A Special Bond - Sara Kitaeff
Since I was in 2nd grade, I have always been a traveler. My family instilled in me a love of the world, of learning new things, and a thirst for exploration. Not until 2008, at age 25, did I truly consider visiting Israel. Yes, I had heard about Birthright but had never put much thought into taking advantage of it. When would be a safe time to go? Was it smart? Shouldn’t I experience that with my family instead of strangers? Finally, I stopped hesitating and boarded the plane to Israel.
It’s true that I headed to the homeland knowing only my best friend Allie and had very limited expectations, but during the 10 days we were there, a dozen strangers laughed together, cried together, prayed together, sang together, even climbed Masada together. After those 10 days, we flew home as family.
I grew up in a very relaxed Jewish lifestyle – temple 3 times a year, attempting but rarely ever fasting on Yom Kippur, eating bagels on Passover – and I had only a handful of Jewish friends. I never placed a high importance on having friends who shared my religion and heritage because it didn’t mean too much to me. I was friends with people I liked being with, regardless of their beliefs and traditions. It was not until Birthright that I began to realize, and now fully appreciate, that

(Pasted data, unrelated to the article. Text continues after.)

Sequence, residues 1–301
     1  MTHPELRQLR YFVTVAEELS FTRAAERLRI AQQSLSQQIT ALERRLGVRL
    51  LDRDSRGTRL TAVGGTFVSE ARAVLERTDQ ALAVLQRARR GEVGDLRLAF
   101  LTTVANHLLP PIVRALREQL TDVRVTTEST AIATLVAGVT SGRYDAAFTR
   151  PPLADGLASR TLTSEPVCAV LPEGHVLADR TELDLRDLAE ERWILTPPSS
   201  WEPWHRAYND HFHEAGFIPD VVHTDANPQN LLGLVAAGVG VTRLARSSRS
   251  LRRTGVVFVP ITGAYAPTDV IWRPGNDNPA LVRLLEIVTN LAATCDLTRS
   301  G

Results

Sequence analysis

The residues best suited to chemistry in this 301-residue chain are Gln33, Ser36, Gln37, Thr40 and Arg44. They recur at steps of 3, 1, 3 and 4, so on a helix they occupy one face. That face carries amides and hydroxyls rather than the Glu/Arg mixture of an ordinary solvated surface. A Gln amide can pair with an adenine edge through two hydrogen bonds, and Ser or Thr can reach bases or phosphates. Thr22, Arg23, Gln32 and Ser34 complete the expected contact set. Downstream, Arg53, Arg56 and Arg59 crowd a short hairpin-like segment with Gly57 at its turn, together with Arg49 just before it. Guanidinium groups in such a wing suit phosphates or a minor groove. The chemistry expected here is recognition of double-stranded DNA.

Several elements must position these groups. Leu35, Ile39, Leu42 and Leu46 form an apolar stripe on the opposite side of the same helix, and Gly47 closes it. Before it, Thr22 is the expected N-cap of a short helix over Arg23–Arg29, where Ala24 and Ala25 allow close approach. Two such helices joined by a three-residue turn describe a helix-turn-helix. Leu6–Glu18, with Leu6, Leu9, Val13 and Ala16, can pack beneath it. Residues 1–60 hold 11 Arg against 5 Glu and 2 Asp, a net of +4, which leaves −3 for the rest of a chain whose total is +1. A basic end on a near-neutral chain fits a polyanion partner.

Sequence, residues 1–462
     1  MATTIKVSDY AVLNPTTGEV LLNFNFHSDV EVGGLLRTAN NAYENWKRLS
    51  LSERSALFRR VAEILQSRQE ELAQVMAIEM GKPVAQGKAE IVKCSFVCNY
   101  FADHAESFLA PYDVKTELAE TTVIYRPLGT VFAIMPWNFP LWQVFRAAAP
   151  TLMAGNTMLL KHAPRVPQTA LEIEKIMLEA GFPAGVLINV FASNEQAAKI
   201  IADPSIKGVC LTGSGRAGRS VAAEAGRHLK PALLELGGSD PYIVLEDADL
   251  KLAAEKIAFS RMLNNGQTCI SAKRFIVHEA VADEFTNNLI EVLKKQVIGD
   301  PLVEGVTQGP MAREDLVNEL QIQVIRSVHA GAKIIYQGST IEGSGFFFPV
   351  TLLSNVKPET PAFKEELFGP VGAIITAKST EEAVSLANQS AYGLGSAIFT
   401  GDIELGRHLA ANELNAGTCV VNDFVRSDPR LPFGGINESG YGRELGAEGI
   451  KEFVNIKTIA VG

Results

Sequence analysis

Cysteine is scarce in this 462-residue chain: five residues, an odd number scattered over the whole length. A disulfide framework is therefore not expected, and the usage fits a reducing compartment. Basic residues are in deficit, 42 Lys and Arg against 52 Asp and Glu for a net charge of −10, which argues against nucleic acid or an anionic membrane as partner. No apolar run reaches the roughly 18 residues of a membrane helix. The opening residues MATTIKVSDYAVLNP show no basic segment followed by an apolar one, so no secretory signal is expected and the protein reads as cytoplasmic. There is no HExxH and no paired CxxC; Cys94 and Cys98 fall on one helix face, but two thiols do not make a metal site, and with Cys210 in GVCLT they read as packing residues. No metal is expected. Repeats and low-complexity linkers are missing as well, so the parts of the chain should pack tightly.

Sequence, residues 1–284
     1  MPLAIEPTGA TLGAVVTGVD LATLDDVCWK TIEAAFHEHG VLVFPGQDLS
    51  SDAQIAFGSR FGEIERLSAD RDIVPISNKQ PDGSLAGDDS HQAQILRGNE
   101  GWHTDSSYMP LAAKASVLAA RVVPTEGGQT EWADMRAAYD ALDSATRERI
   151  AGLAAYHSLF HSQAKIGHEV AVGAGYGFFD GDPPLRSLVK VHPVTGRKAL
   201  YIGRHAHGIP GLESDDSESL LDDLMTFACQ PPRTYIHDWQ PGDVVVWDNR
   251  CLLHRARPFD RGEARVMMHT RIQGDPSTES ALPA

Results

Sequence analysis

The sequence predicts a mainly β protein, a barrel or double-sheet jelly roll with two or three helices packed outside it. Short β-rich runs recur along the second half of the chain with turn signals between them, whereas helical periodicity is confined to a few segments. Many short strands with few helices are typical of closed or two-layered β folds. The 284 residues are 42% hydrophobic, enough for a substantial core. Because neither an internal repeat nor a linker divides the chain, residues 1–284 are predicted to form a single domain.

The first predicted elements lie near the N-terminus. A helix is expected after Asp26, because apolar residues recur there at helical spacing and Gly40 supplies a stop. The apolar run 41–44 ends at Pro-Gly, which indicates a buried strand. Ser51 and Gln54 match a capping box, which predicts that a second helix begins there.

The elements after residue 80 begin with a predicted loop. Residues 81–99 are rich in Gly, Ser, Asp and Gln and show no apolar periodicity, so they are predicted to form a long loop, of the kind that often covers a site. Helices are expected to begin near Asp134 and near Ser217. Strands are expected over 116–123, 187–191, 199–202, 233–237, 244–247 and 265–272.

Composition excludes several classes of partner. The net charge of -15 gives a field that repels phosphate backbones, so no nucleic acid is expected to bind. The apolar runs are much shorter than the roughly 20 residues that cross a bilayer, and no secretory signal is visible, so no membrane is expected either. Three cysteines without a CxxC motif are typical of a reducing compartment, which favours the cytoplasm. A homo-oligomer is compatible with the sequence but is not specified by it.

surrounding yourself with other Jews does mean something.
My new friends, whom I probably never would have met if not for the trip and who probably would have been in different social circles from me even if we did grow up together or went to school together, became so much more than friends. There is something special, intangible, inexplicable about the bond between Jews. I am incredibly thankful to have met Jill, Arielle, Elan, Bradley, Jenny, Natan, Seth and everyone else on Bus 740.
Birthright opened my eyes not only to a new country, but to new values and a new outlook. I love all my friends and cherish our relationships regardless of how we met or whether we celebrate Chanukah, Christmas or Ramadan. But there’s something extra about my Jewish friends – a different level of comfort, a very special bond.
I recently went to Chicago to visit one of my friends whom I met on Birthright. It had been 3 years since I had last seen her and we only knew each other for 10 days, but I immediately felt at home when I saw her. When she dropped me off at the airport at the end of my trip, I turned to her and said “I feel like I am my true self when I am with you.”
To be able to find that is invaluable. And for that, and many other reasons, I am incredibly thankful for Birthright. It truly changed my life.